Blust said people still have five months to find jobs before those benefits end, and Rep. Robert Brawley, R-Iredell, said it's time "to stop worrying about the downside of everything."

Although Wilkins' proposal generated the most debate of the night, it failed like all of the others the Democrats offered.

Earlier Monday, worker advocates and members of the Legislative Black Caucus railed against the proposal, saying it would devastate families dealing with job loss and would end up costing the state money.

"People on unemployment are not lazy," said Beth Messersmith, campaign director of North Carolina MomsRising. "(They include) parents trying to care for kids who need those benefits."

A majority of North Carolina's unemployed are out of work longer than 26 weeks, so cutting the length of state benefits to 20 weeks doesn't make sense, Messersmith said.

Doug Dickerson, state director for AARP, said older workers take 13 months on average to find a job after being laid off. He called for lawmakers to make more "reasoned decisions" instead of taking "draconian steps" too hastily.

The Legislative Black Caucus also criticized the quick movement of the bill, saying the changes under consideration need more debate.

"Let’s slow this train down. It’s moving too fast," said Rep. Garland Pierce, D-Scotland. "The consequences because of this legislation are going to be dire, especially in our communities where people are already having a hard time with no jobs."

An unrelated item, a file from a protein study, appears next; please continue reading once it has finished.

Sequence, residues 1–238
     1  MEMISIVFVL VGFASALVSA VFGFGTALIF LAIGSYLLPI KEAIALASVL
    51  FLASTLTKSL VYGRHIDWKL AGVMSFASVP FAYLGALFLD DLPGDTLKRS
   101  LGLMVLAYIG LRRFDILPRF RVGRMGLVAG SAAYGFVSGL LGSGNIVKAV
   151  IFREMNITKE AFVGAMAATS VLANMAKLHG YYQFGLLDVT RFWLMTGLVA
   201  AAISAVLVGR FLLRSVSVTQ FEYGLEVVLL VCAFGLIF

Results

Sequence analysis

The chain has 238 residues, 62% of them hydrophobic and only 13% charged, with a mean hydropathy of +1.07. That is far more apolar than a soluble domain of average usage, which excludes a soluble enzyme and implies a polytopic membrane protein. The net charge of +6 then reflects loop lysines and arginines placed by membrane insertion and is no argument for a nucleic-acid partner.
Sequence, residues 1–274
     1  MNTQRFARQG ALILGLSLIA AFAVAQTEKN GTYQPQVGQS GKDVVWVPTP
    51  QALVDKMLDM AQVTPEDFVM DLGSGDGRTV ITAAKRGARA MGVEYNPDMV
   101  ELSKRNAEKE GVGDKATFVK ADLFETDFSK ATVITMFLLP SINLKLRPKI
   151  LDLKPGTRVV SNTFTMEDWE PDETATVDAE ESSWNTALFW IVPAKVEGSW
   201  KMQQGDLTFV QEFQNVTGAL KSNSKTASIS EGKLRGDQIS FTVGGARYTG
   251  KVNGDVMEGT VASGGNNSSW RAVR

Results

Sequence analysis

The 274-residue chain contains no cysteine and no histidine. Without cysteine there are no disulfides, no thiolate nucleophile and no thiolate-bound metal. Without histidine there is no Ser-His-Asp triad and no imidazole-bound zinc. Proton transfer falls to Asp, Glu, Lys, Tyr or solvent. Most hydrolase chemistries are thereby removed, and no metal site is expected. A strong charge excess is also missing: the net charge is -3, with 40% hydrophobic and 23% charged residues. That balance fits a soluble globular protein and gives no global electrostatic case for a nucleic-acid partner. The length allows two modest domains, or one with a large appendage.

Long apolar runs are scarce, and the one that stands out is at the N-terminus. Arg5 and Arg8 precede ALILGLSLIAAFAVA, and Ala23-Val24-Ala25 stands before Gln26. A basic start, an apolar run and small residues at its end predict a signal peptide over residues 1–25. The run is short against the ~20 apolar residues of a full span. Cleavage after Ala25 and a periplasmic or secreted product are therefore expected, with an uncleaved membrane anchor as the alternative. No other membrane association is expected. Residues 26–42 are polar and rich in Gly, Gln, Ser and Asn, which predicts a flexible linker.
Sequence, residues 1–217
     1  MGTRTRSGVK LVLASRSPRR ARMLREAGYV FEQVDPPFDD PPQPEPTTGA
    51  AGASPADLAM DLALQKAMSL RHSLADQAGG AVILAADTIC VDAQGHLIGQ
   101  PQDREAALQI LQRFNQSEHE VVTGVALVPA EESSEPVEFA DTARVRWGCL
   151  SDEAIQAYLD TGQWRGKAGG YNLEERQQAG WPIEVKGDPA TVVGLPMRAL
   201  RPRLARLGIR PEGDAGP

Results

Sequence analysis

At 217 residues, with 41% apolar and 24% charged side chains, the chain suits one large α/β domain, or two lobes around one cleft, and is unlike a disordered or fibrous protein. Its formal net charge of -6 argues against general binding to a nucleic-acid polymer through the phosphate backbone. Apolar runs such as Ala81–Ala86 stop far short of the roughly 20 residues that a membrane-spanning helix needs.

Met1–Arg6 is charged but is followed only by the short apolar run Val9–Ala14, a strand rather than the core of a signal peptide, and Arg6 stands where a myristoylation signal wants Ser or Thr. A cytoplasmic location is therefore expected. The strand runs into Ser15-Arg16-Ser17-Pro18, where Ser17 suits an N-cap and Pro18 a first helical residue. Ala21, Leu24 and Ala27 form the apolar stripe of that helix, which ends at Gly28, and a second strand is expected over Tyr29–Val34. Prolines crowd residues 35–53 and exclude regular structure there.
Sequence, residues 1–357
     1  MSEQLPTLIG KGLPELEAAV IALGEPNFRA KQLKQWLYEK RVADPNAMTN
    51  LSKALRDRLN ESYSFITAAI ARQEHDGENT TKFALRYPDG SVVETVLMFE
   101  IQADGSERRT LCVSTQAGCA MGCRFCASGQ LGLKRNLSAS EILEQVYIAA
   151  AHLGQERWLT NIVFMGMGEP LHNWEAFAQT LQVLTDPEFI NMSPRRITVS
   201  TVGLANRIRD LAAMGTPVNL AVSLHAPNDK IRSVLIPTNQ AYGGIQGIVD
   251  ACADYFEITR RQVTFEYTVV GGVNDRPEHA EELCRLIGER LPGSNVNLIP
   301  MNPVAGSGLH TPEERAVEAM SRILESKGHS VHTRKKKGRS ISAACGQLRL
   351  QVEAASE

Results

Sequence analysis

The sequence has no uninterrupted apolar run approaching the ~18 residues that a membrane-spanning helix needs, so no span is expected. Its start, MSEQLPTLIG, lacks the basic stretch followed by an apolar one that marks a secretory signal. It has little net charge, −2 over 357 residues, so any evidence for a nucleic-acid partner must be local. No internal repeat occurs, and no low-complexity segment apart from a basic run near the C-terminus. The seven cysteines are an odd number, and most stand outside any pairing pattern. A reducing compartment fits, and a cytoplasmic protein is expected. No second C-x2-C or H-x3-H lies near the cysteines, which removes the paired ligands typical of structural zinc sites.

Noting the loss of federal jobless benefits, Rep. Rodney Moore, D-Mecklenburg, said, "It’s a travesty that we’re cutting this lifeline so drastically at a time when we’re just beginning to recover."

Fourth District Congressman David Price even weighed in on the debate, sending a letter to the General Assembly asking them to delay the bill so that federal benefits could continue through the end of the year.

"Now is not the time to abandon tens of thousands of North Carolinians who have lost their jobs through no fault of their own and who stand to benefit from federal policy if their state government does not stand in the way," Price said in the letter. "Nor can our state, with an unemployment rate of 9.2 percent, afford to remove the projected $650 million in economic activity that would result from these benefits this year."

347 Comments

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  • junkmail5 Feb 6, 8:31 a.m.

    Nitwit Perdue borrowed and borrowed to keep these people on unemployment.- ellengraham5660

    No, there were simply a lot more people unemployed all of a sudden, and they had to borrow to cover the fact that the business owners had been underpaying based on the idea unemployment would never, ever, spike upward.

    Once it did they needed $ to cover the standard benefits.

    The -extended- unemployment benefits were all federally paid, not state funded.

    It may be a state program, but I know that in NY, if you apply for Food Stamps, and meet certain qualifications, you receive a free cell phone with 250 free minutes per month, for as long as you meet the requirements.- aetius476

    No, you don't... from the government anyway.

    A private company might give you one so that they get your service business though.

    http://www.vosizneias.com/27398/2009/02/14/new-york-company-offers-free-cell-phone-service-for-low-income-families/

    Govt pays for the SERVICE. Cell company gives you free phone.

  • junkmail5 Feb 6, 8:25 a.m.